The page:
Our Greatest Managers – Part 2 (1961-2001)

26 Jan, 2024
written by Nigel Kahn


Our Greatest Managers – Part 2 (1961-2001)

Part two of my search to find the greatest ever West Ham manager continues with the period between 1961 and 2001, covering four more managers.

If you haven’t read part one yet then it is probably best that you do so first, as that covers the period 1923-1961 and explains how each manager’s performance will be judged and the formula.





Appointed in 1961, Ron became the club’s first manager to have no playing links with the club; he was previously a coach at Arsenal but was also coaching the England Under 21s, where he had worked with Bobby Moore. Building on the success of Fenton with the club’s youth policy, Ron heralded the beginning of West Ham’s Golden era, where he would win the club’s first trophies in 1964 and 1965.

The majority of the players that won the trophies were already at the club when he arrived. Ron’s coaching was said to be the key to their success, though many players would say his man-management skills were not his strong point. If Fenton is the godfather of the Academy, then Ron could be attributed with creating the so-called “West Ham Way.”

Ron’s famous quote: “The crowds at West Ham haven’t been rewarded by results, but they keep turning up because of the good football they see. Other clubs will suffer from the old bugbear that results count more than anything. This has been the ruination of English soccer.”

He managed 550 games in the top flight and won 182, drew 151 and lost 217. We scored 861 goals but conceded 872, and our average league position under Ron was 13th. In 1974, Ron moved upstairs, allowing his protege, John Lyall, to manage the 1st team, but Ron kept overall control as Club manager until he left to take the England Job in 1977.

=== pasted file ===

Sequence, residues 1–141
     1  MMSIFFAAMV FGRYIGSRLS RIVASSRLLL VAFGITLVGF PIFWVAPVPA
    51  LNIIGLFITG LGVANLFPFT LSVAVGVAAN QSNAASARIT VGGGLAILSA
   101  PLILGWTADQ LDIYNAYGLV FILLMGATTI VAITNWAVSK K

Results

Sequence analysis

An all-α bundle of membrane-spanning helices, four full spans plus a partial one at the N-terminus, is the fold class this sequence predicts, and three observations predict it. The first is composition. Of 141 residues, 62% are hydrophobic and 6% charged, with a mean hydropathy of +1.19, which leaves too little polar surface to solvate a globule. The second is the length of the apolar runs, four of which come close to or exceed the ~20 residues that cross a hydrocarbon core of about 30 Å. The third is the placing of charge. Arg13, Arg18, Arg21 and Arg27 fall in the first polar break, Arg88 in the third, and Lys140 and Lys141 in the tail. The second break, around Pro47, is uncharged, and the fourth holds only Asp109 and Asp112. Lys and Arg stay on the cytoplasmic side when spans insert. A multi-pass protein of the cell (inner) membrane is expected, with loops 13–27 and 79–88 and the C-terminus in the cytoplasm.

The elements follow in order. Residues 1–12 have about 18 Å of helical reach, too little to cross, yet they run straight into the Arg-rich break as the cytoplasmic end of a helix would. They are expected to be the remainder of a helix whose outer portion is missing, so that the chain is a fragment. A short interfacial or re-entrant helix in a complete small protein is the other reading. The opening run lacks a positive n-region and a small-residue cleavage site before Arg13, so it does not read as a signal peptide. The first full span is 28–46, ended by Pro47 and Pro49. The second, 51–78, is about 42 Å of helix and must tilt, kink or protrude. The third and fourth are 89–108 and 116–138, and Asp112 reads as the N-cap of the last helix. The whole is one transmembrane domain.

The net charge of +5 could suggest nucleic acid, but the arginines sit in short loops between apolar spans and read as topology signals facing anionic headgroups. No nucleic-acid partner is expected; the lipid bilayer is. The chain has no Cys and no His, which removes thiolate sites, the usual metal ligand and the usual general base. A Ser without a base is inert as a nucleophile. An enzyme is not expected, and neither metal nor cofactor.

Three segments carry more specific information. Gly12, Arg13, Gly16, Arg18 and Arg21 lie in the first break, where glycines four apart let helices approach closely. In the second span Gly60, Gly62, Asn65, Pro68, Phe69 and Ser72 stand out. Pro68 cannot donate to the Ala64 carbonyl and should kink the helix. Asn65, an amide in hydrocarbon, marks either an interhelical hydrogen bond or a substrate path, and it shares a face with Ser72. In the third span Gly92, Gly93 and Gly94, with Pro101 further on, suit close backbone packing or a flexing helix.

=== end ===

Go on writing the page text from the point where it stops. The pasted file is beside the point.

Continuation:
JOHN LYALL 1974-1978 1981-1989

A player for the Hammers who had his career destroyed by injury before it got started, he only managed to appear in 36 games between 1959 and 1963.

Given a job in the office, he started coaching kids after hours; in 1967, he went full-time coaching at the club, working his way up to being Greenwood’s assistant before 1974, Lyall was put in charge of the first team.

His 15 years as manager can be split into three periods. The initial four years in Division One before relegation in 1978. Then there are the three seasons spent in Division 2 before promotion back to the top flight in 1981, where we would remain until 1989.

Twelve top-flight seasons in total consisting of 498 games, managing 172 wins, 125 draws and 201 defeats. They scored 652 goals at an average of 1.31 per game while conceding 727 goals at a 1.46 average per game. The average league placing was 14th

Under Lyall, West Ham won trophies, had our best league finish, and achieved our record win in a game. We also suffered relegation twice, which no other manager in West Ham’s history has managed. The second cost him his job, his contract not being renewed in 1989. In my opinion, no matter the outcome of this, he is the greatest the club has had.